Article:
When I picked you up, you asked me not to touch you.
“I’m not a huggy person,” you mumbled.
I drove you to the mall and bought you a CD. I didn’t know that it was the wrong thing to do. How differently this story might have turned out if we’d gone to a museum instead.
Back at home, we made lasagna for dinner and watched a movie. Your laughter was like music.
You spent the night on our futon, and in the morning you refused our chocolate chip waffles.
“Too sweet,” you said.
You were what, 16? You wore girly clothes and sneakers. You already knew your limits well and stayed away from your fences. I admire your awareness.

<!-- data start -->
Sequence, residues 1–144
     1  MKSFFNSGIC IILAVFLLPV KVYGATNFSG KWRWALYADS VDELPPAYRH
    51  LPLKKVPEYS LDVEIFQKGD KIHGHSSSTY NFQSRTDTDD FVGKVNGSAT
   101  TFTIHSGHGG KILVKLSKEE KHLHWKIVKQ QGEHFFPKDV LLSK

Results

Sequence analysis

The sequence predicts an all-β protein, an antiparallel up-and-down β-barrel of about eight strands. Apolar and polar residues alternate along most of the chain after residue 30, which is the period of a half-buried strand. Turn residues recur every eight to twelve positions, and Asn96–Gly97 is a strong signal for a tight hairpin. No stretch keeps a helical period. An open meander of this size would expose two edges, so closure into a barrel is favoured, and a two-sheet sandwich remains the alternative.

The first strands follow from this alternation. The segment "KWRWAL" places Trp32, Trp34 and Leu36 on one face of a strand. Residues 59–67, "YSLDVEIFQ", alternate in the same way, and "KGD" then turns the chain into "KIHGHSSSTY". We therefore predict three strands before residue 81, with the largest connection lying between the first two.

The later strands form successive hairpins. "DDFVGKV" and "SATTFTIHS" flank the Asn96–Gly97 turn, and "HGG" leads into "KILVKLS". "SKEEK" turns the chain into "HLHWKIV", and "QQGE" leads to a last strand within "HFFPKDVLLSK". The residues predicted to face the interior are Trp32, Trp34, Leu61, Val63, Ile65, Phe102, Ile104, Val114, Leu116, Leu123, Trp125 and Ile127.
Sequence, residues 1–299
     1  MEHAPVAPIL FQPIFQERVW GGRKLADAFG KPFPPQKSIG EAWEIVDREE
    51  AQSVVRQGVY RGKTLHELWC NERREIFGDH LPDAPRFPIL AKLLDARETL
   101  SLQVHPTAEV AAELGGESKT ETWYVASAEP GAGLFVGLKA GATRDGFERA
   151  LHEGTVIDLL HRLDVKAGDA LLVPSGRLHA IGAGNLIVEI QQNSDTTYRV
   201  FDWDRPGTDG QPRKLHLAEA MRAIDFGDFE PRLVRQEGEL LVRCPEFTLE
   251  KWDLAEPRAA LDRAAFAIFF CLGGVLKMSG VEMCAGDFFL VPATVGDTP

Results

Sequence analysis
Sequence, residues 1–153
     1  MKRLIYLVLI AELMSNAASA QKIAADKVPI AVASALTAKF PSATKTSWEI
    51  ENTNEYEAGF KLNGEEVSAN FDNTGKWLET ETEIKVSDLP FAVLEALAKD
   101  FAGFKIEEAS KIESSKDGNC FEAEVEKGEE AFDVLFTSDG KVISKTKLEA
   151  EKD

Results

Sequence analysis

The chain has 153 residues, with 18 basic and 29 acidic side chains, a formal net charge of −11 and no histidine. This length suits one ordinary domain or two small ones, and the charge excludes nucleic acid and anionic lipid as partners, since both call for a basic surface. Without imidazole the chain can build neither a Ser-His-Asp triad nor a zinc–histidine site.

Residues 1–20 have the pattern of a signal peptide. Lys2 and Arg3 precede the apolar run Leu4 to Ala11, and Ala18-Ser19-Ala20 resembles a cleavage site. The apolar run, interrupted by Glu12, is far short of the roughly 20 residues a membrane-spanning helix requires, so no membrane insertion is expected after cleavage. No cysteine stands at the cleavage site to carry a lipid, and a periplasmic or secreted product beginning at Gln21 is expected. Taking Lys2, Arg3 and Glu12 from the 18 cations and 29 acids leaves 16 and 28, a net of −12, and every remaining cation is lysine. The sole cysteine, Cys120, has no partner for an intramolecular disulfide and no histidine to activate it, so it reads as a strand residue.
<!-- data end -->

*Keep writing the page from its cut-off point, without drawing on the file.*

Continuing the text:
I tried to braid your hair in a zig-zag pattern, but I wasn’t yet a mom. I had no clue how to braid. I’m sorry.
We drove you home and waved goodbye as you went inside, not touching, not making future plans.
I failed you.
Your fences felt like brick walls to me and I didn’t try to climb them. You had my heart but I was scared of your fear and your anger. Your not-hugs felt like punishments and I’ve never liked to be punished.
So years passed and I wished things were different. I still refused to learn to climb.
You’re older now and I think I see your bricks beginning to crumble. I see the glimpses of light showing through the cracks. Maybe you’re lonely inside those walls. I’m going to build a fence of my own next to yours, almost but not quite touching. I’m going to share your cracked brick wall.
Let’s not hug, just hang out. Let’s laugh some more. It will be fun.